Far from disappearing from the historical stage, the wage-working proletariat is expanding. It has become the biggest single class only recently. Capitalist globalization has led to the creation of vast new working classes, and with them, new labor movements, throughout the world: in South Korea, in Brazil, in India, in Mexico, in Nigeria, and elsewhere. It is a profound historic tragedy that, at moments when the international left should have been seizing the potential for labor-movement growth and renewal by building movements of internationalist class solidarity, much of it was instead focusing on cheer-leading the enemies of labor. When an independent labor movement, an embryonic third camp, began to emerge in Iraq following the U.S.-British overthrow of the Ba’ath regime, the global far-left largely ignored it, preferring instead to idealize the so-called resistance to U.S.-British occupation, led by competing factions of Sunni-supremacist sectarians and Shi’a clerical-fascists.

There are certainly challenges inherent in attempting to reverse the retreat from class: Independent labor organization is still weak throughout much of the world. Neoliberal ideology has sunk deep and increasingly global roots that organized socialists must struggle to confront. Debates about tactics, strategies, and forms of organization are all vital. But is there anything objective, material, in today’s world which suggests that socialist politics must reassess its foundational principles that class is central and that our politics must be one of working-class self-emancipation? The evidence suggests not.

In returning to class, we can learn much by rediscovering the theorizing and practice of those socialist traditions that have, at times of upheaval and crisis on the left, cleaved to the idea that the only consistent socialism is socialism as working-class self-liberation.

Renewing the Third Camp,
Reasserting the First Principle

It might seem odd to look to a semi-submerged historical tradition, shaped in and by a different world, as a source for contemporary socialist renewal. But the third-camp tradition as it developed was not the product of some obscure quibble over the theoretical characterization of a particular state. Rather, it was an effort to reorient the revolutionary socialist movement, undertaken by activists who could see clearly how Stalinism was deracinating, distorting, and destroying socialist politics.

In attempting to renew socialism as a politics of working-class self-emancipation, the third campists emphasized both aspects: independent working-class self-activity and organization, and emancipation and freedom. Kicking back against the bureaucratic statism, top-down command structures, and enforced, monolithic ideological homogeneity that Stalinism had made hegemonic in left politics, both as models for the “socialist” society and the cultures of organizations aspiring to build it, the third campists sought to reconnect socialism with its libertarian core.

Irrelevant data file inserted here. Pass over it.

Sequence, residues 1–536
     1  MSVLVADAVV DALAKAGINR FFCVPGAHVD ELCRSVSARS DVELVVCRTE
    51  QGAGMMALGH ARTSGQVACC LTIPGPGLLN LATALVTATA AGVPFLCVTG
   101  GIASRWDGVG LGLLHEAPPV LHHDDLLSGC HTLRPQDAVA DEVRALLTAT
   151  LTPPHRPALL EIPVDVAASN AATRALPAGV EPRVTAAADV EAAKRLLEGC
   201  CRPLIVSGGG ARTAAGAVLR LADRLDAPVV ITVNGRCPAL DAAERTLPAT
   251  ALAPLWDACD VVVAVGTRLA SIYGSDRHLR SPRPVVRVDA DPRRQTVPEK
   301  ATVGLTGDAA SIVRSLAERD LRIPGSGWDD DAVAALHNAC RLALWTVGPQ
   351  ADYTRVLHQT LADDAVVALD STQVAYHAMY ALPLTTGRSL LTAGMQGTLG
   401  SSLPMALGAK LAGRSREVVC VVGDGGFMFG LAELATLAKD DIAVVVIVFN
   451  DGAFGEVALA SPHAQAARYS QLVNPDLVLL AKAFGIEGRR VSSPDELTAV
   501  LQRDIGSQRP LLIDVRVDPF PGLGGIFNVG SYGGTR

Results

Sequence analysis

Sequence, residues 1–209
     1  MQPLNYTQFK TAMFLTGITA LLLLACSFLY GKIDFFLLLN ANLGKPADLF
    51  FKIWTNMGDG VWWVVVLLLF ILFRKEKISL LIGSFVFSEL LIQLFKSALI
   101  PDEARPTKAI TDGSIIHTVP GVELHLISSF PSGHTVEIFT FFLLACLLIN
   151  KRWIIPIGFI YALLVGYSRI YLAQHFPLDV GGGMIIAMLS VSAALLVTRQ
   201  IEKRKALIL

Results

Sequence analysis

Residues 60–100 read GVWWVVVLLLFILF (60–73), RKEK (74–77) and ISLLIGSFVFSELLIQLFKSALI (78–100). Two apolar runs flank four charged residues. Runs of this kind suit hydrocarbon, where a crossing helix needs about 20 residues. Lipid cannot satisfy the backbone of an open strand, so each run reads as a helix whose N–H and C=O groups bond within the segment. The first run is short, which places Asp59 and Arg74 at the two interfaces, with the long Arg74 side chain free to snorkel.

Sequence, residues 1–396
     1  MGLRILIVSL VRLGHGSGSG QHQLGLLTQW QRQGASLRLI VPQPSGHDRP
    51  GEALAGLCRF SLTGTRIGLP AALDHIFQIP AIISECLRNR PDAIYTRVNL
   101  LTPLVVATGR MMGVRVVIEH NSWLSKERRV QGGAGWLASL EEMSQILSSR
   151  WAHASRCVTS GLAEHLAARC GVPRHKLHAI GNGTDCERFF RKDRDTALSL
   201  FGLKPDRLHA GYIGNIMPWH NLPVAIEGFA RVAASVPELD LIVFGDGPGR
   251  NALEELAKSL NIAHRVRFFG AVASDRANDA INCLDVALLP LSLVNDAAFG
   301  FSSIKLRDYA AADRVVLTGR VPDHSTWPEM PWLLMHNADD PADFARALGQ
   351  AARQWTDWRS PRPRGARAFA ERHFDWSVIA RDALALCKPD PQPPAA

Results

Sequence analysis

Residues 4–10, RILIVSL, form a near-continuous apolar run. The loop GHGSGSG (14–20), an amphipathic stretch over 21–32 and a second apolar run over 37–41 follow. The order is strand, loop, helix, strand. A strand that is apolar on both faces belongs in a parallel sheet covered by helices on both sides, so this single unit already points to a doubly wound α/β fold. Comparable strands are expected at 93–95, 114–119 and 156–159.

What does it mean, then, to aspire to the renewal of the third-camp tradition today? It certainly does not mean adopting a religious attitude to tradition, claiming some unbroken chain of political doctrine from Marx and Engels through Lenin and Trotsky to Shachtman and Draper. Neither does it mean excluding all that is valuable in working-class socialist traditions outside this genealogy.

The renewal of the third camp, in a world of left disarray and insurgent populism (occasionally on the left but largely on the right) fundamentally means reasserting independent working-class politics. It means reconnecting to the first principle of revolutionary socialism, that working-class emancipation cannot be won by hitching our wagon to the parties or politics of other classes, but only on the basis of our class organizing by and for itself. To renew the third camp today means a return to class as the key axis for political organization; a return to understanding struggle between classes, within every country, as the motor of social change; and a re-forging of socialism as a project of working-class self-liberation.

The literary emphasis that the concept of socialism from below places on mass, grass-roots upheaval, with all that this implies in terms of a vibrant, fructifying democracy rather than systems of command and control, whether in our own organizations or the society we aspire to build, can aid that renewal. But ultimately it is the concept of the third camp, of independent working-class politics, that is key.

This first principle of revolutionary socialism goes right back to its conception as a discrete politics. The work of Marx and Engels was dedicated to helping the working class understand itself, organize itself, become a class for itself. Class remains the fundamental social conflict, the relationship that holds the key to unlocking revolutionary social change. Renewing the third camp, helping our class become a class for itself, remains the key task of socialists today.

Everything that helps this is useful to our cause; everything that slows it down is harmful. That is the essence of revolutionary socialism; that is our golden rule. Everything else is commentary, strategy, and tactics.

Note: This article is for educational purposes. Its reproduction, in any form, can be had with the permission of the author/publisher whose original link ,from where it is reprodced, is given above.